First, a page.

Now that Hamtramck voters have rejected funding public safety pensions, and allowing the city council to revamp police and fire services, there is a big question remaining.
How is the city — which is already in deficit spending — going to be able to fund public safety?
Voters, not surprisingly, rejected paying more in property taxes to alleviate the city’s cost to cover pension costs for police and firefighters, and they also rejected allowing the city council to come up with a plan to provide police and fire services at a lesser cost.
Voters apparently want their cake, and eat it too, observed one wag.
Yes, the city council probably made a crucial mistake in not telling voters what an alternative plan would look like, for another way to provide police and fire services.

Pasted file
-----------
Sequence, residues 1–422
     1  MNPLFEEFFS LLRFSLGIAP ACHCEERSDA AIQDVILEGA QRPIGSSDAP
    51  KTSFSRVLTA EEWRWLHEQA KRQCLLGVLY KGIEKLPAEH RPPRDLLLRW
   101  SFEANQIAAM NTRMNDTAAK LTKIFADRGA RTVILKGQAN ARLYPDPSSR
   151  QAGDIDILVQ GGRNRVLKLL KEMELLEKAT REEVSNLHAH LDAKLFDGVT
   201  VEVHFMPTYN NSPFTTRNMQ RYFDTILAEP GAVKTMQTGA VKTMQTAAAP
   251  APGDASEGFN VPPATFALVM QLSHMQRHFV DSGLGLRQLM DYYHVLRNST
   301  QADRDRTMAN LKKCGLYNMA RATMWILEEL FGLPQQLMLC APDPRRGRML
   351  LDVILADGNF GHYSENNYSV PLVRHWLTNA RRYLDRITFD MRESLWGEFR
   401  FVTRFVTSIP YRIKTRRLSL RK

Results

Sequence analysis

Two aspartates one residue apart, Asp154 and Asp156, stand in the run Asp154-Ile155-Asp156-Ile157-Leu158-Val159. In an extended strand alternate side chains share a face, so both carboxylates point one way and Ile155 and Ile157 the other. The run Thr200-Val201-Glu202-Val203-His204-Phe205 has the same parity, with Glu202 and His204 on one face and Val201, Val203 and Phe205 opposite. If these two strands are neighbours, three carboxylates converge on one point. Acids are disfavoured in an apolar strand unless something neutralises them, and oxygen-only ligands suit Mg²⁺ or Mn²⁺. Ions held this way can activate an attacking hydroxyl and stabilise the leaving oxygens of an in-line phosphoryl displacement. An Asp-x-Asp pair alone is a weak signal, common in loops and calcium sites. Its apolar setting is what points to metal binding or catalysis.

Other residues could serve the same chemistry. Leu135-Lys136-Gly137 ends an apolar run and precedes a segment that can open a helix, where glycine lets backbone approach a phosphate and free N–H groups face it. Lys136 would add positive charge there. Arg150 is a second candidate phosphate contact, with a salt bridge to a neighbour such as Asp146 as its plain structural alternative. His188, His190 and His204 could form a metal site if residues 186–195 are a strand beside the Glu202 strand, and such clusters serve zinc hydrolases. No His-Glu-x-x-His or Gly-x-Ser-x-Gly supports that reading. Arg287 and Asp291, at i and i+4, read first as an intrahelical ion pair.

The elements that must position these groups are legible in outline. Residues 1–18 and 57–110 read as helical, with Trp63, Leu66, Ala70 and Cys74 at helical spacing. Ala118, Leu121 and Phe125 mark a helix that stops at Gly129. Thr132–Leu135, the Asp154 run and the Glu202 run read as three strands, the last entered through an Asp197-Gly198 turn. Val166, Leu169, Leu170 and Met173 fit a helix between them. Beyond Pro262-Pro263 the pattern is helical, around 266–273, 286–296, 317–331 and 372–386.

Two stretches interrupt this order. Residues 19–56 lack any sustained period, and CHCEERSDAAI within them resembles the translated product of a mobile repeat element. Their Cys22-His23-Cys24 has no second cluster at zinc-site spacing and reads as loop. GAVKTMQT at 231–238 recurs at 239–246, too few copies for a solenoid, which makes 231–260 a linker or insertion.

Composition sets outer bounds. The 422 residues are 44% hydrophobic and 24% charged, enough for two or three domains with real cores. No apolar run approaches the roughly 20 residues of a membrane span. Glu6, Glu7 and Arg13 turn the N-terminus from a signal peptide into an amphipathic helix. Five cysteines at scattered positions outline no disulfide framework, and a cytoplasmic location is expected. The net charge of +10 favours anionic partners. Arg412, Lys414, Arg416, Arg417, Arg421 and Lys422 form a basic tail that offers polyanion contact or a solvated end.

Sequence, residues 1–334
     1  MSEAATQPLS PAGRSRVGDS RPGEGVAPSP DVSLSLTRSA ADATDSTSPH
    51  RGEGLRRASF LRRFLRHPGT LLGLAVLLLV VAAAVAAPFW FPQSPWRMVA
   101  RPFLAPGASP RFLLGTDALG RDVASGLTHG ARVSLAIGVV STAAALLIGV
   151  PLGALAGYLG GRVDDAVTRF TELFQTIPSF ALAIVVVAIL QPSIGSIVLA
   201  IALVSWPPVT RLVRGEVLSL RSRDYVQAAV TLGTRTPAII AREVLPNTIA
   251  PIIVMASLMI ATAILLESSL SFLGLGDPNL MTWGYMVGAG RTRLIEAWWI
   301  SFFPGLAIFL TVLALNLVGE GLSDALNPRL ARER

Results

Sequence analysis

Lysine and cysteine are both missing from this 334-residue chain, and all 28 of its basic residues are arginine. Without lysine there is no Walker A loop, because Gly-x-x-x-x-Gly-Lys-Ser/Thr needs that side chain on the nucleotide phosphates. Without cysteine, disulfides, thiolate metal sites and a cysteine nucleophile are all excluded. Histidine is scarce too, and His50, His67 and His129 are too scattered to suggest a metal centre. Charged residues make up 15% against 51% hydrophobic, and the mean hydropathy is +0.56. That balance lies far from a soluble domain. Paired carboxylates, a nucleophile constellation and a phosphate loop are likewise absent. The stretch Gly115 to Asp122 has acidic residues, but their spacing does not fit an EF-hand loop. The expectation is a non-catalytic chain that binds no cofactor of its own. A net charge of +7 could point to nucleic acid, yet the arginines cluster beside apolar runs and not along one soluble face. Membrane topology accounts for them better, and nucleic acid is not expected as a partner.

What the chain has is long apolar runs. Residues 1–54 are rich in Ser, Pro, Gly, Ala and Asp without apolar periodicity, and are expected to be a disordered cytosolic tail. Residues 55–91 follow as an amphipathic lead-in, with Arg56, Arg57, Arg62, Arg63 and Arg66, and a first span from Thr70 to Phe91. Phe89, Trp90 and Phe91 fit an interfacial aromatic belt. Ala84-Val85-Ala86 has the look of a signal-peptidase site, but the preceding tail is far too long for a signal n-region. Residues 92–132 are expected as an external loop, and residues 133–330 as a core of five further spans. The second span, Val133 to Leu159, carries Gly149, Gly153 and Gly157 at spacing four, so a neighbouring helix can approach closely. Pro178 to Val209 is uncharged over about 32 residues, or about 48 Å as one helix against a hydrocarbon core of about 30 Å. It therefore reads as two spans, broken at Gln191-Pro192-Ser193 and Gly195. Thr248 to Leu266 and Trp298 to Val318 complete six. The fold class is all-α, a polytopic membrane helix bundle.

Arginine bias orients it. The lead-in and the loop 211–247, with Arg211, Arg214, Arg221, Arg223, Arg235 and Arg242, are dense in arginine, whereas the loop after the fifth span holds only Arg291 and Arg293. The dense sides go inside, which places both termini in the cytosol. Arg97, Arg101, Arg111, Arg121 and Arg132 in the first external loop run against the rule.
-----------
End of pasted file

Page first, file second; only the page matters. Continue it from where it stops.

And that may be one way to revisit this thorny issue.
We would all like for our police and fire departments to continue as is, but there is a problem: The city can’t afford to support both departments just as they are.
Some people refuse to realize this.
So, Hamtramck will continue to spiral toward another financial meltdown that will likely require – for the third time in 20 years – another intervention by the state and the likely appointment of an emergency financial manager.
Maybe, just maybe, the third time will be the charm, as the saying goes. Chances are, residents will not like what that plan will be.
At the very least, in the meantime, the state will have to give the city an emergency loan to keep it limping along for the next several months. But, sooner or later, the city will have to pay its bills.
The fact remains: more money is going out than coming in.
Somewhere, someone will have to come to grips that the status quo is simply not sustainable.
Posted Nov. 13, 2020